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What should I do first?

Family group Tithe applotment book Parish church
To make the most of your visit to the Public Record Office of Northern Ireland (PRONI), you should first gather as much information as possible on your family.

Printed sources

Always check out printed sources first, such as:
  • Family histories

    The Local Studies Units in Northern Ireland’s public libraries Opens a new browser window. and the Linen Hall Library Opens a new browser window. will hold printed copies of family histories that have been researched already.
  • Newspapers

    Libraries also hold large collections of newspapers, either in original form or on microfilm.  Belfast central library has an extensive collection in its dedicated newspaper library Opens a new browser window.. Newspapers will often contain, for example, marriage and obituary notices or give details of how a person came to die, particularly if they died as a result of an accident or during a war.
  • Street directories

    Other useful printed sources are street directories, especially the Belfast and Ulster Street Directories.  PRONI holds a very comprehensive set of street directories, the earliest of which will shortly be available on the PRONI website.  Many street directories can also be accessed in Northern Ireland’s public libraries Opens a new browser window..

Family and friends

Start by asking family and friends what they can remember.  Ask about dates of births, marriages and deaths.  Also ask for any stories they know about the lives of members of the family.  Make sure to either keep a written record of everything you find out, or record the individuals speaking about their recollections on cassette or video.

Gravestone inscriptions

Find out where the family burial ground or cemetery is and check the gravestone inscriptions for names, ages and dates of births and deaths.  Many gravestone inscriptions have been published or are available on the Internet.  See also Family Tree Leaflet 21- A Guide to Understanding Gravestone Inscriptions (56KB) Adobe PDF formatted document Opens a new browser window. and Family Tree Leaflet 22 - Understanding the Stones (69KB) Adobe PDF formatted document Opens a new browser window.


See if you can find any old photographs - these are often annotated with the names of those in the image as well as the place and the date the photograph was taken.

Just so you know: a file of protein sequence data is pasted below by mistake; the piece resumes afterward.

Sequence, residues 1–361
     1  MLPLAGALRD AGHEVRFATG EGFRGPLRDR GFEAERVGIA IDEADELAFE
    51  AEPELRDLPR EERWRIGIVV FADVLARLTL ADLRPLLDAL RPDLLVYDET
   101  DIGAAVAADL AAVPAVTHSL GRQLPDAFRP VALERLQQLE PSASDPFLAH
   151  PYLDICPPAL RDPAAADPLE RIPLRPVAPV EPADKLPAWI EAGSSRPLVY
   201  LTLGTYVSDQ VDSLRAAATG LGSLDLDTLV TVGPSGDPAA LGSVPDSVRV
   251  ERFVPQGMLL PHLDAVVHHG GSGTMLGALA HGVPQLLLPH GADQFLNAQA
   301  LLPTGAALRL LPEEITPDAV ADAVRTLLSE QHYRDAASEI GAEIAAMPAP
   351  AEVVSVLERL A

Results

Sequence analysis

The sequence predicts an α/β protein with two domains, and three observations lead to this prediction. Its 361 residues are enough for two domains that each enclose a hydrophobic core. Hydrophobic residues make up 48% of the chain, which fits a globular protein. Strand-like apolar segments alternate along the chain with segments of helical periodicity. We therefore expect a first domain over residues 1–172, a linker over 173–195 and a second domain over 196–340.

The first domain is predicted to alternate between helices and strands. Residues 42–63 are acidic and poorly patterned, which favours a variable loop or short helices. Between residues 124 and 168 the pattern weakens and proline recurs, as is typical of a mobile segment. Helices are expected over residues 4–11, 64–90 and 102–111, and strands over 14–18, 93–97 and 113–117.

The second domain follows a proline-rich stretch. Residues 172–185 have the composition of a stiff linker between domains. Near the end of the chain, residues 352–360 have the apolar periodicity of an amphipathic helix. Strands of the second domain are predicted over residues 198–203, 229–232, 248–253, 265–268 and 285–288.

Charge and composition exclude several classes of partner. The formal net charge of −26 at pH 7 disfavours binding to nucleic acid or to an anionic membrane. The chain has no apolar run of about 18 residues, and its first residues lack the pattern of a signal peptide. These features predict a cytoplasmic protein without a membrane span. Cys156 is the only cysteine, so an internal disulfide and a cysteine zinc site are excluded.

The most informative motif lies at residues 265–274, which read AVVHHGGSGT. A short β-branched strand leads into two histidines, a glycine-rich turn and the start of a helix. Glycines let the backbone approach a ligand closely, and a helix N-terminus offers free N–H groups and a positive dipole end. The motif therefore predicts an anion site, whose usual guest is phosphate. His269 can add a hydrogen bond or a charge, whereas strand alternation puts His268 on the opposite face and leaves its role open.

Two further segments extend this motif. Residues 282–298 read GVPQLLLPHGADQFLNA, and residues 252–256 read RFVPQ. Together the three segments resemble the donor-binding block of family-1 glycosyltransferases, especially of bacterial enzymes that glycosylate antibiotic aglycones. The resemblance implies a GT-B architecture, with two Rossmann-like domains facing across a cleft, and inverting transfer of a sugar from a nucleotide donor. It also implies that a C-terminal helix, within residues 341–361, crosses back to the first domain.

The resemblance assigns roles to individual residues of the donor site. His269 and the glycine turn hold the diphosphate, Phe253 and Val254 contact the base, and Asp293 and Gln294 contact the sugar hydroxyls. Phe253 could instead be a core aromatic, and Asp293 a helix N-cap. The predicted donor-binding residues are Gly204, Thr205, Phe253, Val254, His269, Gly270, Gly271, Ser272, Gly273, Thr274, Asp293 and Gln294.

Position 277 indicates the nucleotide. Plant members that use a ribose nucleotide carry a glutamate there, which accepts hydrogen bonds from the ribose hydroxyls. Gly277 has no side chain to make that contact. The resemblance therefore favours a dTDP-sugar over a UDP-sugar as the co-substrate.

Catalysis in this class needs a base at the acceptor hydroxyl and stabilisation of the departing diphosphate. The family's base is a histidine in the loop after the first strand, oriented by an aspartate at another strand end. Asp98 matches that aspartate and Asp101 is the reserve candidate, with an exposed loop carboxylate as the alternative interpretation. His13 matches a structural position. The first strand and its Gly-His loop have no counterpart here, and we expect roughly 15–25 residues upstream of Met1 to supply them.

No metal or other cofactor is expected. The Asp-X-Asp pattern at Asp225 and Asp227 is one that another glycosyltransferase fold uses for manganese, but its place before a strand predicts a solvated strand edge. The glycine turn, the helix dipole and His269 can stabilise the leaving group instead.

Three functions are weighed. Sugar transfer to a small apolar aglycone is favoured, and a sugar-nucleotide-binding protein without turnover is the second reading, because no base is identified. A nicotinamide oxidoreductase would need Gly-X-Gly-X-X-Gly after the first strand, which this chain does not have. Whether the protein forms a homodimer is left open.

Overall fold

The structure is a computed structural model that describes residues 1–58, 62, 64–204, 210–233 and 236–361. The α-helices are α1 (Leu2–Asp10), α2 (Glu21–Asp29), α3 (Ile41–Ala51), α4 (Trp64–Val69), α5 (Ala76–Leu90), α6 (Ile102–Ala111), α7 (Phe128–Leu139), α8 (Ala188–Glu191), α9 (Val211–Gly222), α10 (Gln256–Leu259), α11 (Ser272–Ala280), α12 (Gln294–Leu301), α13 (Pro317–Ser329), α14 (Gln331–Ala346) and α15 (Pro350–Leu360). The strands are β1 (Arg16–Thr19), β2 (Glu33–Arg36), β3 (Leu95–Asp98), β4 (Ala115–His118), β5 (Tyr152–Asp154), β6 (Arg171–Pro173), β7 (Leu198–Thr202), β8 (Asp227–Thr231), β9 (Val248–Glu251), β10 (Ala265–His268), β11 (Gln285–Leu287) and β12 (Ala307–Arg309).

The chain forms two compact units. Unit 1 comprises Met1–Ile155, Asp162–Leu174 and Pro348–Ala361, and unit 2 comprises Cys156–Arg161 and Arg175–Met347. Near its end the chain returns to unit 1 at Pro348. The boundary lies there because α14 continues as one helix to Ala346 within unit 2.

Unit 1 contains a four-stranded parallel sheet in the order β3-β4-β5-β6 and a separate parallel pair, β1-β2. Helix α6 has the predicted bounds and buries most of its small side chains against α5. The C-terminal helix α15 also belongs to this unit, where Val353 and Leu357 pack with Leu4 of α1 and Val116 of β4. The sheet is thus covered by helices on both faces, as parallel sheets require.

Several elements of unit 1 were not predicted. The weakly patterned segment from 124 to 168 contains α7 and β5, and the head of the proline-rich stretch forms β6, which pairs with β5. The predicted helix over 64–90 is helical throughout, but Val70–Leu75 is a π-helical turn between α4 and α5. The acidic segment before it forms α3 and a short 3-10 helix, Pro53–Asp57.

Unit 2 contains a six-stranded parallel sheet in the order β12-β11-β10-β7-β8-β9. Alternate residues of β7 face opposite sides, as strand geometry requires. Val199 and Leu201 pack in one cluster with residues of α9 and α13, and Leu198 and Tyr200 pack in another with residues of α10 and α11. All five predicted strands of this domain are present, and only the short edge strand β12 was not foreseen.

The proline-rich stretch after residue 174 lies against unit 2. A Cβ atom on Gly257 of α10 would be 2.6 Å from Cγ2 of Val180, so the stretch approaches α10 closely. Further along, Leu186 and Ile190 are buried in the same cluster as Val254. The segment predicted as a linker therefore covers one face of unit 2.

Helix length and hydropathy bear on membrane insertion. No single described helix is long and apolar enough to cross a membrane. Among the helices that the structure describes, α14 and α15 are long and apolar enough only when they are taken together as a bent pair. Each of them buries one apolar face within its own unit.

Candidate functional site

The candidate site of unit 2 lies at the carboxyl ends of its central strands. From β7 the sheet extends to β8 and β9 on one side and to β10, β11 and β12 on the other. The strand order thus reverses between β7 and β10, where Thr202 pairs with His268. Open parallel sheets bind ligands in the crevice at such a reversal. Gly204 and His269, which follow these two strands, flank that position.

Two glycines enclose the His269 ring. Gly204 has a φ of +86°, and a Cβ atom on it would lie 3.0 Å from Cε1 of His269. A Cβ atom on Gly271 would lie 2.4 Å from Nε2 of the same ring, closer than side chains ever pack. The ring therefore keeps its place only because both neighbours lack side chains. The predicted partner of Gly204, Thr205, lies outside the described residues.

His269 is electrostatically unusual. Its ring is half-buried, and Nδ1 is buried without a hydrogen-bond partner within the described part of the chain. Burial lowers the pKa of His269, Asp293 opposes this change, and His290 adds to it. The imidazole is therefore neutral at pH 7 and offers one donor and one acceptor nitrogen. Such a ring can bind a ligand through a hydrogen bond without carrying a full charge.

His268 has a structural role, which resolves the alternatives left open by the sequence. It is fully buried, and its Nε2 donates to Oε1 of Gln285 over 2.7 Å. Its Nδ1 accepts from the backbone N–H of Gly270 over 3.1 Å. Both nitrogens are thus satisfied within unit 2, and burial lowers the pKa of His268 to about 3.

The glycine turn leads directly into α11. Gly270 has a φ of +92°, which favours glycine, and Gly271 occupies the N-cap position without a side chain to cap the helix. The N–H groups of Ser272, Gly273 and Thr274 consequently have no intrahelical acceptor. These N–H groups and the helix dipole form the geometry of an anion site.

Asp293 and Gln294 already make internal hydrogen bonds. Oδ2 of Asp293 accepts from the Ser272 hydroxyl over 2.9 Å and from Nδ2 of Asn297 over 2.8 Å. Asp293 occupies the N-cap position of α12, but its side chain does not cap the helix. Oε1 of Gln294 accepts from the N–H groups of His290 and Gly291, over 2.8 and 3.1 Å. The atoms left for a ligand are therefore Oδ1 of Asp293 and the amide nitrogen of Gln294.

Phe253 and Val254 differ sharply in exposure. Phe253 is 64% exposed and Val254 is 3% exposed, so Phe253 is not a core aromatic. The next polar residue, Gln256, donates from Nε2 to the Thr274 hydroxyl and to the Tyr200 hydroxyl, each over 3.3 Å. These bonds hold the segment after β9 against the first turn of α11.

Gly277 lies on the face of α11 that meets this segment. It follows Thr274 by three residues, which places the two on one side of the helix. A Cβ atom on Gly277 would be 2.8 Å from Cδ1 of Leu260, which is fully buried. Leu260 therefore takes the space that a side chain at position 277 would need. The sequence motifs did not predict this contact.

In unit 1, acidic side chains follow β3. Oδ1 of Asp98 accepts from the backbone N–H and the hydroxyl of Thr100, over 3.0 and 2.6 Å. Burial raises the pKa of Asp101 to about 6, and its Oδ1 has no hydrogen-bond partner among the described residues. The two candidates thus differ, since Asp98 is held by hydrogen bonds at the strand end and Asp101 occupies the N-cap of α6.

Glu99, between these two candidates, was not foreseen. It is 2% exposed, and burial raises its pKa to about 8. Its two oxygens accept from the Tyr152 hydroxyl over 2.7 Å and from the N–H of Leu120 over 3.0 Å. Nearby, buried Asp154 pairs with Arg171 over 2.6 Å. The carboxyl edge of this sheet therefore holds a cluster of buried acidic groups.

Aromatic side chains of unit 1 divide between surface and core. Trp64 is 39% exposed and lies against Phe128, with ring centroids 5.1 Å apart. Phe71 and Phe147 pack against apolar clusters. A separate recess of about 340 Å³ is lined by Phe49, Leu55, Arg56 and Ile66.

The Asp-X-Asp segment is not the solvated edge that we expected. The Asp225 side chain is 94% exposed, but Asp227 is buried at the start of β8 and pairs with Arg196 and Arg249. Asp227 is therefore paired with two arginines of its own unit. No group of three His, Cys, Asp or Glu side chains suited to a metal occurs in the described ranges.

Family Bibles are a useful source as they may sometimes have details of births, deaths and marriages of the family written inside.

Family Papers

Check for any family papers that might survive - for example, wills, birth, marriage and death certificates, obituary notices, wedding invitations, funeral notices, letters and military service records.  All of these can give you lots of clues about your family.

Emigration records

If you are living overseas you should check for emigration records or other evidence in the country the Irish emigrants moved to, such as:
  • passenger lists;
  • naturalisation records;
  • cemetery records and gravestone inscriptions (to find out where the family came from in Ireland);
  • family papers surviving.
Knowing that your family came from Ireland is usually not sufficient to trace your ancestors, unless your family has a very unusual surname.

Civil registers of births, marriages and deaths

Civil registers are held by the General Register Office of Northern Ireland (GRONI) Opens a new browser window.. This is a very useful place to start if you are looking for the following documents (or information contained within them):
  • marriage certificates for non-Roman Catholic families after 1845 and all marriages from 1864 onwards
  • birth and death certificates from 1864 onwards

Record all information you find

Start writing down information and begin to build a family tree.  In this way you can start to see where you have gaps and what specific information you want to find from PRONI’s archives.
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Further Information